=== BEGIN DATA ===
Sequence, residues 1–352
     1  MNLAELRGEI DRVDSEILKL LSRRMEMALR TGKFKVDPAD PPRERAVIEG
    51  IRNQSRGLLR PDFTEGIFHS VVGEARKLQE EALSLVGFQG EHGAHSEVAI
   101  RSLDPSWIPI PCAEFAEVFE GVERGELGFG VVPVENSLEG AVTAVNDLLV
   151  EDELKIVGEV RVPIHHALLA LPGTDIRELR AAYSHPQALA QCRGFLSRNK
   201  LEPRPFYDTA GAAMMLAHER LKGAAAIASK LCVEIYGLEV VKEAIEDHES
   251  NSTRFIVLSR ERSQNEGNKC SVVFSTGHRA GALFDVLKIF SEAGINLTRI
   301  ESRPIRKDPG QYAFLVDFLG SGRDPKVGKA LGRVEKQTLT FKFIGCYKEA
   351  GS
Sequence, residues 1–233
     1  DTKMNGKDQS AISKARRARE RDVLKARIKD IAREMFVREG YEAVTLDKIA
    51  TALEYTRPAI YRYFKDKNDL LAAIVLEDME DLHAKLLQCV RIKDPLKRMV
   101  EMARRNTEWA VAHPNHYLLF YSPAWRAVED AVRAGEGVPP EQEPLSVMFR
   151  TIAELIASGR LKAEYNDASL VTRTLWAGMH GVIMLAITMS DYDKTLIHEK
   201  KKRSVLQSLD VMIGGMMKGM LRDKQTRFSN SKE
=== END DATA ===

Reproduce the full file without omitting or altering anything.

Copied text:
Sequence, residues 1–352
     1  MNLAELRGEI DRVDSEILKL LSRRMEMALR TGKFKVDPAD PPRERAVIEG
    51  IRNQSRGLLR PDFTEGIFHS VVGEARKLQE EALSLVGFQG EHGAHSEVAI
   101  RSLDPSWIPI PCAEFAEVFE GVERGELGFG VVPVENSLEG AVTAVNDLLV
   151  EDELKIVGEV RVPIHHALLA LPGTDIRELR AAYSHPQALA QCRGFLSRNK
   201  LEPRPFYDTA GAAMMLAHER LKGAAAIASK LCVEIYGLEV VKEAIEDHES
   251  NSTRFIVLSR ERSQNEGNKC SVVFSTGHRA GALFDVLKIF SEAGINLTRI
   301  ESRPIRKDPG QYAFLVDFLG SGRDPKVGKA LGRVEKQTLT FKFIGCYKEA
   351  GS
Sequence, residues 1–233
     1  DTKMNGKDQS AISKARRARE RDVLKARIKD IAREMFVREG YEAVTLDKIA
    51  TALEYTRPAI YRYFKDKNDL LAAIVLEDME DLHAKLLQCV RIKDPLKRMV
   101  EMARRNTEWA VAHPNHYLLF YSPAWRAVED AVRAGEGVPP EQEPLSVMFR
   151  TIAELIASGR LKAEYNDASL VTRTLWAGMH GVIMLAITMS DYDKTLIHEK
   201  KKRSVLQSLD VMIGGMMKGM LRDKQTRFSN SKE